A deep divide over the future of skid row and of the thousands of homeless people living in the 50-block district’s streets and shelters emerged during a community forum in downtown Los Angeles on Monday night.

The near-capacity crowd in the Los Angeles Theatre Center’s 470-seat auditorium split nearly evenly on key issues in instant electronic polls conducted during the meeting, including a proposal by City Councilman Jose Huizar, who convened the meeting, to appoint a homeless czar. The audience was also divided on whether skid row needs more homeless housing, more mixed-income housing or no more housing at all.

Midway through the two-hour forum, members of Los Angeles Community Action Network staged an angry walkout, protesting what they said was the exclusion of skid row residents from the panel of 15 people, mainly city and county officials, that Huizar assembled to testify about the 50-block downtown neighborhood.

“You messed up enough people already,” said General Dogon, an organizer for the poverty group, flinging onto the stage the electronic clicker that audience members used to vote.

“We are the experts” and “Vote of no confidence” read signs the group’s members raised in silent protest before the walkout.

Mental health, sanitation, police, health services and housing officials told the crowd they were working to maximum capacity on the community’s homeless problems.

Los Angeles Police Lt. Lionel Garcia said the department’s mental health response teams handle 13,000 crisis calls a year and don’t have the resources for outreach on skid row. City street services enforcement chief Gary Harris said dumping by local businesses exacerbates the trash can shortage and sanitation problems on skid row.

Most speakers agreed that skid row is not working. With the downtown’s glitzy revival encroaching on its boundaries, the neighborhood is changing, downtown developer Tom Gilmore said.

“There will be development of skid row,” said Gilmore, who predicted that mixed-income and market rate housing will grow without displacing shelters and other homeless services.

Housing chief Rushmore D. Cervantes said the city expects to finish building 1,250 homeless units next year, but added, “You walk down the streets and it doesn’t appear to have made things better. It appears things are even worse.”

Marc Trotz, who heads the Los Angeles County Health Services’ Housing for Health program, added a bright note, saying that his office hopes to create 10,000 housing units with services for homeless people with complex medical and behavioral issues.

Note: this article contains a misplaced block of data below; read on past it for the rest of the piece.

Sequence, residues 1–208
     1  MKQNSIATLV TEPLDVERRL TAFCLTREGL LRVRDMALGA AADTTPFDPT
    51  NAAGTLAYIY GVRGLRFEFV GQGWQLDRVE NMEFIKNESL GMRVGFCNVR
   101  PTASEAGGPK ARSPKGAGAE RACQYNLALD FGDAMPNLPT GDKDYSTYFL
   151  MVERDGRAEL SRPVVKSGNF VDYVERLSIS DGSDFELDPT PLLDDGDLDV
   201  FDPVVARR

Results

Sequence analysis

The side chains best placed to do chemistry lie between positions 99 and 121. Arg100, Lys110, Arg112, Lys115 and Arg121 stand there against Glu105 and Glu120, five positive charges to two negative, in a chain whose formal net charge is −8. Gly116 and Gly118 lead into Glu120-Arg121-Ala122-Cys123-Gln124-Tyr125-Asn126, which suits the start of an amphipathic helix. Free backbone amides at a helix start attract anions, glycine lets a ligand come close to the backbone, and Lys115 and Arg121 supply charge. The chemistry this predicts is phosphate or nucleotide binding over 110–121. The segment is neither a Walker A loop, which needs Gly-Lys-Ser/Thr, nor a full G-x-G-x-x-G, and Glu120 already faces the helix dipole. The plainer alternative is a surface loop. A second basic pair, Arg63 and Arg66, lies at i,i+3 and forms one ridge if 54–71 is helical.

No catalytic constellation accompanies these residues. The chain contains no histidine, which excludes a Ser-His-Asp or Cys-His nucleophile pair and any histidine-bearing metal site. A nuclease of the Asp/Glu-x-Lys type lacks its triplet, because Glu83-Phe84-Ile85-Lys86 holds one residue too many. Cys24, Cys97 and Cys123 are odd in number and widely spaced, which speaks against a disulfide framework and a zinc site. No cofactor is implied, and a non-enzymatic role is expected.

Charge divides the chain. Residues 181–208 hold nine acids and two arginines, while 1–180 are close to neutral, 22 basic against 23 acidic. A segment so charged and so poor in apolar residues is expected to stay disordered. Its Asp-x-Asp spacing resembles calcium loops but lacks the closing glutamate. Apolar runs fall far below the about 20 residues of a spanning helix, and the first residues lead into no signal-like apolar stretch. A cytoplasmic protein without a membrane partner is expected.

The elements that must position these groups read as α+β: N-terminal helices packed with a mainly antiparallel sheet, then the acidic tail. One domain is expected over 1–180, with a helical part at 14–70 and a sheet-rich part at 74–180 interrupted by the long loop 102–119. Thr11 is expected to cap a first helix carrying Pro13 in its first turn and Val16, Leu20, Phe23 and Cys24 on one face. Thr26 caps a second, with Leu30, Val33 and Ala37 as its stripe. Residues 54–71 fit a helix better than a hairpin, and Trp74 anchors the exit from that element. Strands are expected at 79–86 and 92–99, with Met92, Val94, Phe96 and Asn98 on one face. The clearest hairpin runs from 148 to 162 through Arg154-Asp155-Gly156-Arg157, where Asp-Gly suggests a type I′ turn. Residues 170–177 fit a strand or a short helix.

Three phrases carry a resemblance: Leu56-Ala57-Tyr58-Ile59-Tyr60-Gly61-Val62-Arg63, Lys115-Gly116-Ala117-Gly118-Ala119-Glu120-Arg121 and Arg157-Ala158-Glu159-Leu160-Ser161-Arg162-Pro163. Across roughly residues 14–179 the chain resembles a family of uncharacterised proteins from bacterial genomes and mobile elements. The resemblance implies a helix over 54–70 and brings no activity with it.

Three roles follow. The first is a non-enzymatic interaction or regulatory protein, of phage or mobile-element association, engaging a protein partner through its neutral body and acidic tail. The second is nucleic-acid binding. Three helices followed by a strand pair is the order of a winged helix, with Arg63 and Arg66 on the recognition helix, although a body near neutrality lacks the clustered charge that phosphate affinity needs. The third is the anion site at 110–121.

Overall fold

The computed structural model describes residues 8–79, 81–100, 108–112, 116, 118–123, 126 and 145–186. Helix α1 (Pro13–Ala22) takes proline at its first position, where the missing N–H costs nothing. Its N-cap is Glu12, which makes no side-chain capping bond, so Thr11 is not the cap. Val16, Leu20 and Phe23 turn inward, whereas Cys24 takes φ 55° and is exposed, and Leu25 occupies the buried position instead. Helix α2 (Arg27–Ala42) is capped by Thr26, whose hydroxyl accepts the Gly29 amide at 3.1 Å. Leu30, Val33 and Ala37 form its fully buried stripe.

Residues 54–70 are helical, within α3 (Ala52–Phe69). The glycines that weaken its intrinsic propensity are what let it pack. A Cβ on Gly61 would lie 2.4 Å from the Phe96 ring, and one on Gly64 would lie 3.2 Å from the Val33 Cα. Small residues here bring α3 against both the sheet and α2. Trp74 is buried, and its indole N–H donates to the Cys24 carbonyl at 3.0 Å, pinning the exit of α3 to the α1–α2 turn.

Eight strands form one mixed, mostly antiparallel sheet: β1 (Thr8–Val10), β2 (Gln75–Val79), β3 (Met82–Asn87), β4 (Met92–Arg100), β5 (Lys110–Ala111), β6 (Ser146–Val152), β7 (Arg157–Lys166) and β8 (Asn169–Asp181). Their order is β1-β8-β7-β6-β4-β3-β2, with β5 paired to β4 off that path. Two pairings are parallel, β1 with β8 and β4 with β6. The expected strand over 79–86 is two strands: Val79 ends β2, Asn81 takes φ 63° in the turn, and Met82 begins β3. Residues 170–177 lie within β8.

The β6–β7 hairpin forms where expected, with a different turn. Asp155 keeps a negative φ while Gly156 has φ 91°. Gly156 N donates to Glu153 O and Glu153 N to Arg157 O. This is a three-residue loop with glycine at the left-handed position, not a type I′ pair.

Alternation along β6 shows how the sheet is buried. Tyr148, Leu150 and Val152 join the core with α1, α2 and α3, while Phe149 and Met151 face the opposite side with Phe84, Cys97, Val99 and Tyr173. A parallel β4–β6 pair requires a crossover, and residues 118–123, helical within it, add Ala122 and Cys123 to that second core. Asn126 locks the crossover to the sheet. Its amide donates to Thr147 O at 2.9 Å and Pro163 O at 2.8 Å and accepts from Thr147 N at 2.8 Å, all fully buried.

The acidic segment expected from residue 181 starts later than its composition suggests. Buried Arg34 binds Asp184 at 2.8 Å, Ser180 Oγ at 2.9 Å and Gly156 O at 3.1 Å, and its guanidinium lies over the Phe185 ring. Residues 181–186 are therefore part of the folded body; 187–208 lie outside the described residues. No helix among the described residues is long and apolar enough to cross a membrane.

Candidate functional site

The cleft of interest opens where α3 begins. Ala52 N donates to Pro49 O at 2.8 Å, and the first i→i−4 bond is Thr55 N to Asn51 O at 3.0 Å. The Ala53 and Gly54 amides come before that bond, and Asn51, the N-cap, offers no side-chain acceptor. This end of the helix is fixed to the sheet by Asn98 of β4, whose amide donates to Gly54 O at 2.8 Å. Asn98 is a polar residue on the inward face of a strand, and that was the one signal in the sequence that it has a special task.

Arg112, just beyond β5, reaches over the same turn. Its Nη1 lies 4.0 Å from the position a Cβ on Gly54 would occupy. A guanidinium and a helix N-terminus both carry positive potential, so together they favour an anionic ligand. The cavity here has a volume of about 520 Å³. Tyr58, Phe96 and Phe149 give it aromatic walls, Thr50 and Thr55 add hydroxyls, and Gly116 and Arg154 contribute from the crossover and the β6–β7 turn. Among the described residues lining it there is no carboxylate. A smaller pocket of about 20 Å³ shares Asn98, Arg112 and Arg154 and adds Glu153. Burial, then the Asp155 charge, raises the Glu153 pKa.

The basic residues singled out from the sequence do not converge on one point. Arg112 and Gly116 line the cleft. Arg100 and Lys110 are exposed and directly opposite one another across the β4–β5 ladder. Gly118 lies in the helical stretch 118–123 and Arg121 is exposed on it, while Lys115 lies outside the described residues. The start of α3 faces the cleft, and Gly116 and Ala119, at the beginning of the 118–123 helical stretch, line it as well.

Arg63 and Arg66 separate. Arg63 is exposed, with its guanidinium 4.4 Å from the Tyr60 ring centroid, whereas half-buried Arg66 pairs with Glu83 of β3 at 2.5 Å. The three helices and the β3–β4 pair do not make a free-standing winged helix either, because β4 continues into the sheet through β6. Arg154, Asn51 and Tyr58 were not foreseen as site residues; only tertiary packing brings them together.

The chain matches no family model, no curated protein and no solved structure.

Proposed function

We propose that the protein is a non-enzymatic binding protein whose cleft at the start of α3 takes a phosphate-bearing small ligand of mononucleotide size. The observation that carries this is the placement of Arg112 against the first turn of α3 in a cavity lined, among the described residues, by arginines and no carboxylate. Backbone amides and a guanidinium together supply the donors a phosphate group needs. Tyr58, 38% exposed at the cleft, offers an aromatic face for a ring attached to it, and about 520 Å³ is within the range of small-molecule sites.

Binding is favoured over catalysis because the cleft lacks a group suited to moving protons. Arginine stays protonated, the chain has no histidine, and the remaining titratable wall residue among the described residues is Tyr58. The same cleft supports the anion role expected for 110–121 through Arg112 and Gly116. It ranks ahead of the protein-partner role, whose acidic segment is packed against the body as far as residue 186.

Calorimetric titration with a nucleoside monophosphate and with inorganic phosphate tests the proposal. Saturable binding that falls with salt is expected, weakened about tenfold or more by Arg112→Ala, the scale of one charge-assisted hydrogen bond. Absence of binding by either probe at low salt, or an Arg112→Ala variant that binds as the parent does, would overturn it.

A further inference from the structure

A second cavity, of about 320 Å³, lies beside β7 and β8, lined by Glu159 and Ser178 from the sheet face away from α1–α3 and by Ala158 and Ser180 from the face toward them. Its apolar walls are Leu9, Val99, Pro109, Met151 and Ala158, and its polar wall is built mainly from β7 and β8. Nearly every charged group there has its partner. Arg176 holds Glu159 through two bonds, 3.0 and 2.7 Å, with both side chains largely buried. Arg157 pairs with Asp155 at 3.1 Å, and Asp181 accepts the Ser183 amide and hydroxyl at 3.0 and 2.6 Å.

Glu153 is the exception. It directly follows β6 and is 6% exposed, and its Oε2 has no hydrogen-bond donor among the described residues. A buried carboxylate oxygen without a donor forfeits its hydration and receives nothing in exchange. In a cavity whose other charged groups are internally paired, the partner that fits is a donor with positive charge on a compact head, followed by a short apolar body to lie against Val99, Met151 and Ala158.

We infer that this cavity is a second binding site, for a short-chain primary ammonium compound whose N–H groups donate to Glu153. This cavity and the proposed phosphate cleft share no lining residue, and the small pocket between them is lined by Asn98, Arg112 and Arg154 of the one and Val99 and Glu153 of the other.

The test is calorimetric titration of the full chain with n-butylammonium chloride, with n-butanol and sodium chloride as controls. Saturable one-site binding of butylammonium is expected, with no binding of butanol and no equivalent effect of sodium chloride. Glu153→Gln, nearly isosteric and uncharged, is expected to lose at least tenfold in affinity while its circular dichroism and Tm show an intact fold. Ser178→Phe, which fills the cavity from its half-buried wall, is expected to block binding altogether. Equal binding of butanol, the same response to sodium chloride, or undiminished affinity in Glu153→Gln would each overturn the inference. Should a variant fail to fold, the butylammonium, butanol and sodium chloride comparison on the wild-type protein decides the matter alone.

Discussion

“We have to open up to a really large mobilization,” Trotz said. “When you have earthquakes or floods you don’t wander around with a ragtag bunch of folks and two backpacks.”

Several longtime leaders boycotted the meeting, including Alice Callaghan, who runs Las Familias Del Pueblo, a skid row school and day-care center for children of immigrant workers. Callaghan lambasted the “Plan for Hope” Huizar used as a blueprint for the discussion, in part because its authors were described as “anonymous stakeholders.”

Callaghan said the report was riddled with illegal or outlandish ideas and factual errors, including a call to protect 6,000 existing low-income units on skid row. “6,000 is a number from 1985; we’ve already lost half of them,” she said.

Kevin Michael Key, who heads a skid row drug and alcohol prevention program, said he was offended by a video Huizar played to start the meeting that showed homeless people defecating and masturbating in the street.

“Every day I see people on the worst of the worst street, San Julian, sweeping up,” Key said. “We couldn’t show that picture though: a little bit of humanity.”

Business leader Blair Besten, who helped develop the Plan for Hope, said every idea in the proposal had been tried somewhere in the U.S.

“We have to stop saying there is one solution, or no solution,” said Besten, who heads the downtown historic core business improvement district.”There is a solution.”